The Computer-Aided Life-Cycle Engineering (CALCE) Electronic Packaging and System Center (EPSC) at the University of Maryland, College Park is a National Science Foundation center of excellence, sponsored by over fifty industry and government members, with an annual research budget of over $4M. Over 60 faculty, research staff and students, conduct research using the Center's state-of-the-art manufacturing, testing, experimental and computational facilities. This paper summarizes the recent significant contributions of the CALCE Electronics Packaging Research Center in the areas of research education and technology transfer. In the 1980's, University of Maryland faculty began teaching courses on electronic packaging and wrote the first book on this topic. As a result of two subsequent $1M grants under the U.S. Government Technology Re-investment Program, the Computer-Aided Life-Cycle Engineering (CALCE) Electronic Packaging And System Center (EPSC) today provides a cross-disciplinary undergraduate and graduate curriculum on Electronic Packaging and Reliability. Offered through the Mechanical Engineering Department, students from all engineering disciplines including Electrical Engineering, Materials Science and Reliability Engineering enroll in the program. The success of the EPS graduate program is evidenced by the respect it has gained from the electronics industry. All graduates of this program have been keenly sought after, and have enjoyed excellent job opportunities. In the era of dwindling enrollments in many graduate engineering programs, the EPS program has seen a consistent growth. The instructional methodologies employed in this curriculum development effort are described and can serve as models for other multi-disciplinary programs.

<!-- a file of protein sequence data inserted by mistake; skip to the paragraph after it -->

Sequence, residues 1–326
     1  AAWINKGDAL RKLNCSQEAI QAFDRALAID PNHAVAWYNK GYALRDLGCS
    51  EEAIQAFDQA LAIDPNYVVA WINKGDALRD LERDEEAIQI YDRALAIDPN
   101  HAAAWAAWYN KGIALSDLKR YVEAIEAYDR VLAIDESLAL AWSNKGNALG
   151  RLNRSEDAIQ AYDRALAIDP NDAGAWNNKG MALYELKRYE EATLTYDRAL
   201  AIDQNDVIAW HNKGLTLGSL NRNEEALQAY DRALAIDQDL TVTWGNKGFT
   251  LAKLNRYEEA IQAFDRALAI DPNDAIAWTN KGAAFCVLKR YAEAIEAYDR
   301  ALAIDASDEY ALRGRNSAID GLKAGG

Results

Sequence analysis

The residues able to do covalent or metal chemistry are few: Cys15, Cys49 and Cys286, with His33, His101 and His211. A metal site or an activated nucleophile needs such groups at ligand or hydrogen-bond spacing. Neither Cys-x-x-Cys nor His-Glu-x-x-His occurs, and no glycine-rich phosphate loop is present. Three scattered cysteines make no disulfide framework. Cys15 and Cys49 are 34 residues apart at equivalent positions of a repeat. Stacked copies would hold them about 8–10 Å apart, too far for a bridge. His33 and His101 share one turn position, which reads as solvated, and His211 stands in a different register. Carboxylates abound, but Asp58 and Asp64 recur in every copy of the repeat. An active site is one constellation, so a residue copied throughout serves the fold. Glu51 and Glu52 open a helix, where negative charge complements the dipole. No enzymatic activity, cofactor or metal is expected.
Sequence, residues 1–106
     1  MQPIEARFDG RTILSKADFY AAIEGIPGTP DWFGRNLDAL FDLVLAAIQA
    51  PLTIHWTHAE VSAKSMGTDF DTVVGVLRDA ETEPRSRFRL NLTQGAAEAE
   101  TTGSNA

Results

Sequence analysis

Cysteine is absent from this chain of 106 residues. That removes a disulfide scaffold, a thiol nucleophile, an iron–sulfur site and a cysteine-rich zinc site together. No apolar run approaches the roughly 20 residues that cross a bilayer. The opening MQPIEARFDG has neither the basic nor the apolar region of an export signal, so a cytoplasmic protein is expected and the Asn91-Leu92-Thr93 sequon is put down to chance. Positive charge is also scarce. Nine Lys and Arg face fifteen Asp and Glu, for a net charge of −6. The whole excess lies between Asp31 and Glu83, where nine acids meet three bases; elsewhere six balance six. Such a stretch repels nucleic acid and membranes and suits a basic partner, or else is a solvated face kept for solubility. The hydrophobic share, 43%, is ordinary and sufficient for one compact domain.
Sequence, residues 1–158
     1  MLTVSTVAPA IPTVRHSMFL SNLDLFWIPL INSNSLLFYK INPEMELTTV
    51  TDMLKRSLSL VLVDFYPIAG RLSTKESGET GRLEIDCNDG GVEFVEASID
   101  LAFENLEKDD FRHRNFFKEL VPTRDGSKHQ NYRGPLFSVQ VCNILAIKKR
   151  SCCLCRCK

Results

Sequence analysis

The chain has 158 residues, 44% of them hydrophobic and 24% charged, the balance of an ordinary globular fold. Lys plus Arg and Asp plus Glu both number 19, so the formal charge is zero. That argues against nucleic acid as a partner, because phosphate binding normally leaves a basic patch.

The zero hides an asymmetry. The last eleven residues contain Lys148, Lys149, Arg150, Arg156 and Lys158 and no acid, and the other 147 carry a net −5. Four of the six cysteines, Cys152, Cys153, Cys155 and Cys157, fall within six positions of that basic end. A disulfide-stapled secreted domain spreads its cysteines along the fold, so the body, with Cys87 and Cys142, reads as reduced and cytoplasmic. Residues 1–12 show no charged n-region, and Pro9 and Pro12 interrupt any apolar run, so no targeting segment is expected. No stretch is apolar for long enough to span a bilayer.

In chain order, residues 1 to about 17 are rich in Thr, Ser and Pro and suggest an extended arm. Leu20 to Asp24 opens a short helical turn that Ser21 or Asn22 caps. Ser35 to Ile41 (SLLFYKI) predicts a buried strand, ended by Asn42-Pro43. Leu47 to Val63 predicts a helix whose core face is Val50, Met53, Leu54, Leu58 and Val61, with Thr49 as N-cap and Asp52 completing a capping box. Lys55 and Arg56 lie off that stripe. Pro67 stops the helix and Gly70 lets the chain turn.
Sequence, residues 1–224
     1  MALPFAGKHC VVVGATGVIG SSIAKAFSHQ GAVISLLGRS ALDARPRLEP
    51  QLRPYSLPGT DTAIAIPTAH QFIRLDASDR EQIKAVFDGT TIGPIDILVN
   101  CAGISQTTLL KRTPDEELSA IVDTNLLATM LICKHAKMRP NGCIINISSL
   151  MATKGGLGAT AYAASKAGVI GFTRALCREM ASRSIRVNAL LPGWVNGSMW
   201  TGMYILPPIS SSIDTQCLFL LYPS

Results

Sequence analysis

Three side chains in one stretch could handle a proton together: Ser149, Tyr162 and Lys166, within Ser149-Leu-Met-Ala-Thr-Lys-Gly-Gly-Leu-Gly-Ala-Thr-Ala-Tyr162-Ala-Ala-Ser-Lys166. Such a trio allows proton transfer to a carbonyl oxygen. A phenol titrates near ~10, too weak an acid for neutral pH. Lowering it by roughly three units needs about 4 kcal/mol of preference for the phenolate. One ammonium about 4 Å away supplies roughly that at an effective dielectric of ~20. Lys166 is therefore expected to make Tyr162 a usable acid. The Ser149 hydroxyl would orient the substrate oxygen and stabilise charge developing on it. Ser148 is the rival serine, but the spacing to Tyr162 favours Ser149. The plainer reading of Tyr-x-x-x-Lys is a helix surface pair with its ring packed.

article is available to CALCE Consortium members.